KS: In one of my informal conversations with my research supervisor, Dr. Debasish Chattopadhyay, about Omenuko, he referred to it as a ‘novella,’ perhaps because of the apparent size, whereas you term it a ‘novel.’ My reading however, has urged me to call it a ‘long-short-story.’ Do you think that Omenuko, like Conrad’s Heart of Darkness or The Secret Sharer, can also be referred to as a ‘novella,’ a ‘long-short-story’ as well as a ‘novel’? Why?
EE: Both of you are wrong. We have moved away for long, from E. M. Forster’s Aspects of the Novel! Pita Nwana’s Omenuko is a novel, PERIOD!
KS: A very textual question, I would like to ask you. In the novel, one sees that Omenuko, being a black man, if you may pardon my calling him so, it is he who sells off his apprentices into slavery. Do you think that much of the malpractices of Africa, slavery being one of them, were actually initiated by the natives that take terrible faces in the hands of the white masters?
EE: How about taking things in the context of the story in the novel – how individuals act and make decisions in desperate situations. How is the protagonist’s character in the novel defined by his choices and actions? What are his flaws? What drives him – materialism or reason or conscience? What was the Community’s response to the protagonist’s singular criminal action? In spite of the Whiteman’s provocative words and actions in Things Fall Apart, what was the Community’s response to beheading of the Whiteman’s messenger by the irrepressible Okonkwo?
KS: Moving away from Omenuko, tell me something about your upcoming big project: A Literary History of the Novel in African Languages: Focus on the Igbo Novel, 1933 – Present?
EE: The Igbo have a proverb: Ngwugwu aga ato ato, odighi mma imi ya mbo – ‘It is not wise to try to peep into a package that in due course you will have the right and privilege to open without hindrance!’
KS: One last question, there are many other unknown Igbo texts which are still unavailable in English, hence unknown to most of the world, do you think of translating them for universal reading. Which texts would you like to begin with and why?
EE: I am already doing this. Wait and see!
KS: Thank you so much Prof. Emenyonu for your precious answers on a text, mostly unknown, but quite relevant for students of postcolonial literature in general and African Literature in particular.
EE: Thank you.
Prof. Ernest Nneji Emenyonu is a prominent literary critic of African Literature and Research Professor at the University of Michigan-Flint. He has to his credit biographies on such notable African writers as Chinua Achebe and Cyprian Ekwensi. He is presently, the Editor of the oldest journal of African Literature, African Literature Today. He is a Chief in his hometown of Imo State, Nigeria and has been honoured with the title “Ugwu Mba 1 of Mbari” which means “Pride of his people.” Among his literary pursuits, The Rise of the Igbo Novel; Studies on the Nigerian Novel; Goatskin Bags and Wisdom: New Critical Perspectives on African Literature and Literature and Society: Selected Essays on African Literature are quite notable for their ample research on African literature and culture for both student and scholars. His recent book written in collaboration with Charles E Nnolim, commemorating the occasion of Chinua Achebe’s demise, Remembering a Legend: Chinua Achebe (2014) gives a fresh insight to the life and the works of Achebe. He has to his credit a number of articles and editorials in various prominent journals and books published over the years. Emenyonu also excels as a short story writer. His collection of creative writing includes Bed-Time Stories for African Children (1989), Uzo Remembers his Father (1992), Uzo and his Father (1999), Uzoechi: A Story of African Childhood (2012), A Feast in the Sky (2014), Princess Mmaeyen and Other Stories (2015). Presently, he is working on his upcoming book, A Literary History of the Novel in African Languages: Focus on the Igbo Novel, 1933 – Present.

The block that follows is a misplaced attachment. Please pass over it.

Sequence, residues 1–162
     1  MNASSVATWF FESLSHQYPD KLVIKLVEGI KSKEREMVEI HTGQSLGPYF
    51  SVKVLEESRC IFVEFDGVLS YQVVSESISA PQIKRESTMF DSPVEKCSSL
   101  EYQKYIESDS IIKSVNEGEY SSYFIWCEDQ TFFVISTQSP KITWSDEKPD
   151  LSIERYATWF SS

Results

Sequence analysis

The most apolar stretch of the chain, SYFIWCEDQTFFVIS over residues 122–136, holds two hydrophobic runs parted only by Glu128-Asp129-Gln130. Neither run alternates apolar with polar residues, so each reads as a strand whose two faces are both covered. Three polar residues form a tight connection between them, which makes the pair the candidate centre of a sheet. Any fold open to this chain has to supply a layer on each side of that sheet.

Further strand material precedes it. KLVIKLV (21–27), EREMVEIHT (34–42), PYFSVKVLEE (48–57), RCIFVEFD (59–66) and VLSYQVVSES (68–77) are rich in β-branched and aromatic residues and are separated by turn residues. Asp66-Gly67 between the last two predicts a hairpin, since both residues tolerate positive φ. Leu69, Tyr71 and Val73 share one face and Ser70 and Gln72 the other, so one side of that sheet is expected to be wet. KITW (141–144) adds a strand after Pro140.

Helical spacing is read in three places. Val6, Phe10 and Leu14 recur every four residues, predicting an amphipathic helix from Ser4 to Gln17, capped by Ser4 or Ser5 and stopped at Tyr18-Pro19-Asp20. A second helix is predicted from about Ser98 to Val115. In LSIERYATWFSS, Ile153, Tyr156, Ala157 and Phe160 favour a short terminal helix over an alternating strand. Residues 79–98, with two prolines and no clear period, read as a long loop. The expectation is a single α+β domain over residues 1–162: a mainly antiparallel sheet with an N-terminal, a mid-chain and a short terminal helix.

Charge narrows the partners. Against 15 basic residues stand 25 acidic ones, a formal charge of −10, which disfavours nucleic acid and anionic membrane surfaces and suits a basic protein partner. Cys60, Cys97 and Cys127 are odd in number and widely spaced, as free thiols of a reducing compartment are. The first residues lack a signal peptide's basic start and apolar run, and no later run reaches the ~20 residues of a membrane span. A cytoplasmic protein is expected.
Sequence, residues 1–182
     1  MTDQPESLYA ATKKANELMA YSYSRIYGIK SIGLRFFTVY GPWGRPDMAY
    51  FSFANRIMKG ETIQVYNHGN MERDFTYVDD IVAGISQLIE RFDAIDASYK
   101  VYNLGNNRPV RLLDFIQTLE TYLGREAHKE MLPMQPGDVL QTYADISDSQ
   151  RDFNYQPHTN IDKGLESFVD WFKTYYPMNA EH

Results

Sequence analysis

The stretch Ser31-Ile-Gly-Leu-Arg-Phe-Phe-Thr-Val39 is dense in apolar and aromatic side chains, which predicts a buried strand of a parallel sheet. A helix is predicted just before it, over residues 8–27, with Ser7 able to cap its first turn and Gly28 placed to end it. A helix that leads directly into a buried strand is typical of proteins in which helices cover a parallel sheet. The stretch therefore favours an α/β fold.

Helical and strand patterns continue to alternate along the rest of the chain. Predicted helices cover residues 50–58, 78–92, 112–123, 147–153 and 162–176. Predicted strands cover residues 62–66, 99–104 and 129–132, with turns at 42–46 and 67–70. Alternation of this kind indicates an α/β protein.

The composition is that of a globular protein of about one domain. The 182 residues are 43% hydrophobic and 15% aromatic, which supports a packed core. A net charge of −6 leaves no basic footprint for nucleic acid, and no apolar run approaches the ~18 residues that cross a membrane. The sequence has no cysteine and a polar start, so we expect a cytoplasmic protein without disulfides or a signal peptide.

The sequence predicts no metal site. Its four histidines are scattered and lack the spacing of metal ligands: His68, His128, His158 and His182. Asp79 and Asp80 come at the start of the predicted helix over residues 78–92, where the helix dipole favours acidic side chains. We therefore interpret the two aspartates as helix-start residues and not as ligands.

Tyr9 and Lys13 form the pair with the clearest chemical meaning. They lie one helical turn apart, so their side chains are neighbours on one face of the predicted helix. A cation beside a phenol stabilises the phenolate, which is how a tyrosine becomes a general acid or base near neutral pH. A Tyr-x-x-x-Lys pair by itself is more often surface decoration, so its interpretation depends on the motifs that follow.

Kalapi Sen teaches in the Department of English, Raja Peary Mohan College, as a Part-Time Lecturer. Her PhD dissertation, entitled “From the Margins to the Centre: A Study of the Subordinate Figures in the Novels of Chinua Achebe” has been submitted in May 2016 at Netaji Subhas Open University, Kolkata. She is a member of the editorial board of an international peer-reviewed journal, Perspectives published by Raja Peary Mohan College, Hooghly, West Bengal, India. She also has to her credit some articles on African Literature published in reputed, peer-reviewed international and national journals and books. She has also presented papers at national level seminars as well as at international conferences. Her recent talk, ‘Ekwefi to Beatrice: A Journey of the African Women from Subordination to Emancipation through the Eyes of Chinua Achebe’ at the 41st Annual Conference of the African Literature Association received appreciation from pioneer critics of African Literature. Her areas of interests are African Literature with special interests in Nigerian literature and the African short story, Postcolonialism, Feminism, Rabindranath Tagore and the short stories of Bengal.
Categories: Conversations with - interview, dialogue, Q&A
Good kalapi. I am proud of you. D. C.
Thank you Sir….all because of you and SKD
Kalapi , I love your enthusiasm on Igbo literature and Africa. You can always ask for assistance from me. Thanks
Thanks Agundu ….it’s a nice gesture…i appreciate it. Will definitely ask for help whenever I need
Reblogged this on caslibraryblog.
This is vritical to the perpetuation of Igbo Language .